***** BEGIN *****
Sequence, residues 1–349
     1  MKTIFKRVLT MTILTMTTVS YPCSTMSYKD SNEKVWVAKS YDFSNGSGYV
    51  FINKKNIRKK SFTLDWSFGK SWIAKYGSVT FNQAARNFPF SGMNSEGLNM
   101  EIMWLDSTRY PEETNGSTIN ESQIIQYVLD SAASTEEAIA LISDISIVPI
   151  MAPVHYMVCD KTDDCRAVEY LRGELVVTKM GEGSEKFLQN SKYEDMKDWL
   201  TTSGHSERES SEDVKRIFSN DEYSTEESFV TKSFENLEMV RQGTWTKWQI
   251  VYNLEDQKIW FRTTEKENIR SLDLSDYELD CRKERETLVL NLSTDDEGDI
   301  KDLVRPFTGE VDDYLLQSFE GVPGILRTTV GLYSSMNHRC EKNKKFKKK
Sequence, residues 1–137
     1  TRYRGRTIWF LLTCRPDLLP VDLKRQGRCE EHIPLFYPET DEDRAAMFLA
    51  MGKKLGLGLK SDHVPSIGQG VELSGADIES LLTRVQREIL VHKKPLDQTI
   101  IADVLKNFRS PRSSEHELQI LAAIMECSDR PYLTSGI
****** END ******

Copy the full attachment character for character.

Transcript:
Sequence, residues 1–349
     1  MKTIFKRVLT MTILTMTTVS YPCSTMSYKD SNEKVWVAKS YDFSNGSGYV
    51  FINKKNIRKK SFTLDWSFGK SWIAKYGSVT FNQAARNFPF SGMNSEGLNM
   101  EIMWLDSTRY PEETNGSTIN ESQIIQYVLD SAASTEEAIA LISDISIVPI
   151  MAPVHYMVCD KTDDCRAVEY LRGELVVTKM GEGSEKFLQN SKYEDMKDWL
   201  TTSGHSERES SEDVKRIFSN DEYSTEESFV TKSFENLEMV RQGTWTKWQI
   251  VYNLEDQKIW FRTTEKENIR SLDLSDYELD CRKERETLVL NLSTDDEGDI
   301  KDLVRPFTGE VDDYLLQSFE GVPGILRTTV GLYSSMNHRC EKNKKFKKK
Sequence, residues 1–137
     1  TRYRGRTIWF LLTCRPDLLP VDLKRQGRCE EHIPLFYPET DEDRAAMFLA
    51  MGKKLGLGLK SDHVPSIGQG VELSGADIES LLTRVQREIL VHKKPLDQTI
   101  IADVLKNFRS PRSSEHELQI LAAIMECSDR PYLTSGI